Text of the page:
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Creating Mathematical Magic In The Classroom


a shift in curriculum toward a deeper study of mathematical ... a shift in assessment practices toward student evaluation that ... puzzles/brain teasers ... – PowerPoint PPT presentation

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Title: Creating Mathematical Magic In The Classroom

Creating Mathematical Magic In The Classroom
Changes in Mathematics Instruction
  • a shift in curriculum toward a deeper study of
    mathematical ideas and concepts and their uses in
    todays world
  • a shift in learning toward more active student
    involvement with mathematics
  • a shift in teaching toward classrooms as
    stimulating learning environments in which all
    students are given the opportunity to reach their
    mathematical potential and
  • a shift in assessment practices toward student
    evaluation that is based in many sources of

Building a Teaching Bridge from Reading to Math
Effective Reading Instruction
  • Reading is more than pronouncing words..
  • We want student to develop good decoding skills.
  • We include comprehension from the very start.
  • We ask child to make predictions about what might
    come next in story.
  • We use a variety of teaching strategies-shared
    reading, guided reading, independent reading, and
    read alouds.
  • We want student to read fluently.
  • We want our students to love reading.

Effective Math Instruction
  • Therefore, math instruction should consist of
    more than simply calculating numbers
  • We want student to develop good strategies for
    solving problems.
  • We include conceptual understanding from the very
  • We ask child to use mental math to estimate
    before calculating problems.
  • We use a variety of teaching strategies-whole
    group instruction, flexible group instruction,
    and small group instruction.
  • We want students to be mathematically fluent.
  • We want our students to love math.

  • ...instruction can emphasize conceptual
    understanding without sacrificing skill
  • ...understanding does not detract from skill
    proficiency and may even enhance it.

Hiebert (2000)
NCTM Principles and Standards
Investigations In Number, Data and Space
  • NCTM Standards Based Resource
  • Students are striving to
  • Justify their reasoning
  • Communicate mathematically
  • Represent their thinking
  • Make connections to other content areas and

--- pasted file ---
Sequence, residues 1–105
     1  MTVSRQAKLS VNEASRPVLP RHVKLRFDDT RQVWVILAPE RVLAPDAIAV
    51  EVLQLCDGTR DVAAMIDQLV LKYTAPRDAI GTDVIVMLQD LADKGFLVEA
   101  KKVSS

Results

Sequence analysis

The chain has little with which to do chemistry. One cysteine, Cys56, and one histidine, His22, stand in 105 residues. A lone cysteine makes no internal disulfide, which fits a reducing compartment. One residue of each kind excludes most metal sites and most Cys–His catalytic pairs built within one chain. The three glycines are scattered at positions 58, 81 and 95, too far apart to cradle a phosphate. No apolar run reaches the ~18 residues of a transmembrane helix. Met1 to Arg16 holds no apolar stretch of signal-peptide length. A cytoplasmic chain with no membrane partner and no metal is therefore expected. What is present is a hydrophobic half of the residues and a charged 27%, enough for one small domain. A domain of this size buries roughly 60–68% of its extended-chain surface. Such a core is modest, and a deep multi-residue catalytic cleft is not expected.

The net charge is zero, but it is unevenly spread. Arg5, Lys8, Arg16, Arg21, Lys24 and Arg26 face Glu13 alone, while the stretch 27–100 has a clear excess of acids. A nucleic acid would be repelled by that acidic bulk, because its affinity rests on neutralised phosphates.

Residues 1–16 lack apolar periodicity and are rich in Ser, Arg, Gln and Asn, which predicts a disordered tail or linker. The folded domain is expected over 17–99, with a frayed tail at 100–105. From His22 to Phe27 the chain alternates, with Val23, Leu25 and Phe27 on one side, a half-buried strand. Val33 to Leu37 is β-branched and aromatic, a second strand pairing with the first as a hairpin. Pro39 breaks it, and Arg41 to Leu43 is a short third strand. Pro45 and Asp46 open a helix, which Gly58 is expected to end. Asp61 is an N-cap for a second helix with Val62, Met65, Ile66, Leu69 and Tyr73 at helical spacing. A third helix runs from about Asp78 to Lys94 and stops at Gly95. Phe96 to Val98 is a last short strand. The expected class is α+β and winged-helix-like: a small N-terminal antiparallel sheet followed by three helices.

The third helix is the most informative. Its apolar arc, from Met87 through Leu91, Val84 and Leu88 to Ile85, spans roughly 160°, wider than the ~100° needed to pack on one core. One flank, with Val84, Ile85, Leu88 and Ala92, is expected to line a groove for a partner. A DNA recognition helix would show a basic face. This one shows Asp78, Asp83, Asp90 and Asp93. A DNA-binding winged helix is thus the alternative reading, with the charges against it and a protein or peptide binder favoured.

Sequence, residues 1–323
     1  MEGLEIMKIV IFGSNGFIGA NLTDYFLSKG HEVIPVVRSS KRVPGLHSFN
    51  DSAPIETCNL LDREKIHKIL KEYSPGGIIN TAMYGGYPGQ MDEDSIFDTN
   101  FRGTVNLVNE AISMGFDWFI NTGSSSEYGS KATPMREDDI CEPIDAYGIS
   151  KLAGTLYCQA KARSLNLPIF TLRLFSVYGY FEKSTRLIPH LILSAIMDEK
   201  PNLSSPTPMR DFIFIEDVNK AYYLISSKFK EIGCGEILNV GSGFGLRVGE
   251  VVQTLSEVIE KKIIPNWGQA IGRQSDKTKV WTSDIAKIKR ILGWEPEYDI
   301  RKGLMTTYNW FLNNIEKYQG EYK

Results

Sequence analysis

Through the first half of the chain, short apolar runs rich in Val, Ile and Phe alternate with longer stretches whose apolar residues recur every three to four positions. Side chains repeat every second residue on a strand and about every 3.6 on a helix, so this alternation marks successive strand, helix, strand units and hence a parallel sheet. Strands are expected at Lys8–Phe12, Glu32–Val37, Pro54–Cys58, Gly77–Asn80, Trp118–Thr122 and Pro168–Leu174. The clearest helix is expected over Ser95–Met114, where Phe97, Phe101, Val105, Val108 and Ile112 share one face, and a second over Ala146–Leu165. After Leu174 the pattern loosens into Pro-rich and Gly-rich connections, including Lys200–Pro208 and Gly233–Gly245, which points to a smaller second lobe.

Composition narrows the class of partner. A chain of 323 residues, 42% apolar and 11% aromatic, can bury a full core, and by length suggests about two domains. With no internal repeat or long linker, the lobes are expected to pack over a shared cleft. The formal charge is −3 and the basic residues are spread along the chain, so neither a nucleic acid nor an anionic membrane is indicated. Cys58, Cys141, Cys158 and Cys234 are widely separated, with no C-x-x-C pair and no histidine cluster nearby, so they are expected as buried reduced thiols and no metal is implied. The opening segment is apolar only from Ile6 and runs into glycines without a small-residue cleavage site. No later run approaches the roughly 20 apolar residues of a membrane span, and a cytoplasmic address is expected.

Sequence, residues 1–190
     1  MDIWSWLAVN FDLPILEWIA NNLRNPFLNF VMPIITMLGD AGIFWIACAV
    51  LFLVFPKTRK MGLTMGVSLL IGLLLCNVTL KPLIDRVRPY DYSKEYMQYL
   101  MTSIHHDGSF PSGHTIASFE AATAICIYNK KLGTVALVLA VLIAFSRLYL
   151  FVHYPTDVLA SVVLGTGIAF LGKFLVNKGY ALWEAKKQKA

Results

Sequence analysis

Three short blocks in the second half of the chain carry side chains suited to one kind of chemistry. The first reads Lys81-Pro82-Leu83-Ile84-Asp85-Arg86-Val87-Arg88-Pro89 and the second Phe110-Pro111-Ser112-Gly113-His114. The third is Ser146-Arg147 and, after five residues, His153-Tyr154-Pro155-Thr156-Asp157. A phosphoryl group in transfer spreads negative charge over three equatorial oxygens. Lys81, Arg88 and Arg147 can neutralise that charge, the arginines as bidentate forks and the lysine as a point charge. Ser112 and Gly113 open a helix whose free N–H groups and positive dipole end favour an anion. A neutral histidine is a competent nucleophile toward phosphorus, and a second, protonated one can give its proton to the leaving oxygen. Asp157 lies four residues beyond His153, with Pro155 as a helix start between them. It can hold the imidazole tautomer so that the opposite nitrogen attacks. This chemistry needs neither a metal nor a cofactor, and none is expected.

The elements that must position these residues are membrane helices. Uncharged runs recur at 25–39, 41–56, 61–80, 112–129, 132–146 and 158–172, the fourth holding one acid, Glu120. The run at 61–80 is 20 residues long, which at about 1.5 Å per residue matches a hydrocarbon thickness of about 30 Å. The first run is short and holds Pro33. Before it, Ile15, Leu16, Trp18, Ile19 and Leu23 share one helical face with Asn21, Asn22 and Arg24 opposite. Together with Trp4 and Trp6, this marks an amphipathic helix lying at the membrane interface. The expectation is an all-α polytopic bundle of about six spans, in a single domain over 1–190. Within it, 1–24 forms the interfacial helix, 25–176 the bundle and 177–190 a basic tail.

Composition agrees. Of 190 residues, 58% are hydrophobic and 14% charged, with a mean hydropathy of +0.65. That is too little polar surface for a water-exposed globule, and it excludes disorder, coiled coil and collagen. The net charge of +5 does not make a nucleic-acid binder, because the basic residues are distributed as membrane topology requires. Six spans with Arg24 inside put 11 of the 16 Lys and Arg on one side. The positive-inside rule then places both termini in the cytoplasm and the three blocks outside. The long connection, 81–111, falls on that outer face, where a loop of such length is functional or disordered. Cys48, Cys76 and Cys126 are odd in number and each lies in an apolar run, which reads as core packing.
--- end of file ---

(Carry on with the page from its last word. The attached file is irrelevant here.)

the world around them

  • Offers students meaningful mathematical problems
  • Emphasizes depth in mathematical thinking rather
    than superficial exposure to a series of
    fragmented topics
  • Communicates mathematics content and pedagogy to
  • Substantially expands the pool of mathematically
    literate students

Calendar Math
  • Analyze data
  • Identify patterns including multiples and factors
  • Explore whole numbers and parts of a whole
    (fractions, decimals and percents)
  • Use mental math to estimate reasonable answers
  • Share strategies for arriving at an answer

In the classroom, students are
  • working in a variety of groupings
  • considering own reasoning and the reasoning of
  • communicating orally and through
  • pictures, numbers and words
  • working on a small number of problems during a
    class session, sometimes on a single problem for
    several sessions
  • using more than one strategy to double check
  • using cubes, blocks, measuring tools, technology,
    and variety of other materials to solve problems.

Goals of Instruction
  • To develop confident and competent lifelong
    learners who embrace mathematical challenges.
  • To assist children in acquiring strategies to
    build new learning skills and to grow as
  • To aid children in making meaningful mathematical
    connections to their world.

Mathematical Proficiency
  • Conceptual Understanding A web of connections.
  • Procedural Fluency Using basic skills such as
    facts, procedures, and formulas quickly and
  • Strategic Mathematical Thinking Formulating,
    representing, and solving problems and
    reflecting, explaining, and justifying their
  • Productive Disposition Viewing mathematics as
    understandable and worthwhile.

Adding it Up, 2001
Emphasis on Understanding
  • Typical of Japanese Math Instruction
  • Teachers pose a complex thought-provoking
  • Students struggle with the problem.
  • Various students present ideas or solutions to
    the class.
  • Class discusses the various solution methods.
  • The teacher summarizes the class conclusions.
  • Students practice similar problems.
  • Source Third International Mathematics and
    Science Study unpublished tabulations.
    Videotape Classroom
  • Study, UCLA, 1996.

Emphasis on Skill Acquisition
  • Typical of U.S. Math Instruction
  • Teacher instructs student in a concept or
  • Teacher solves example problems with the class.
  • Students practice on their own while the teacher
    assists individual students.
  • Source Third International Mathematics and
    Science Study unpublished tabulations.
    Videotape Classroom Study, UCLA, 1996.

Traditional Problems
  • What is the cost of 5 cans of beans if each can
    costs 0.79?
  • What is the cost of 16 boxes of cereal if each
    box costs 2.69?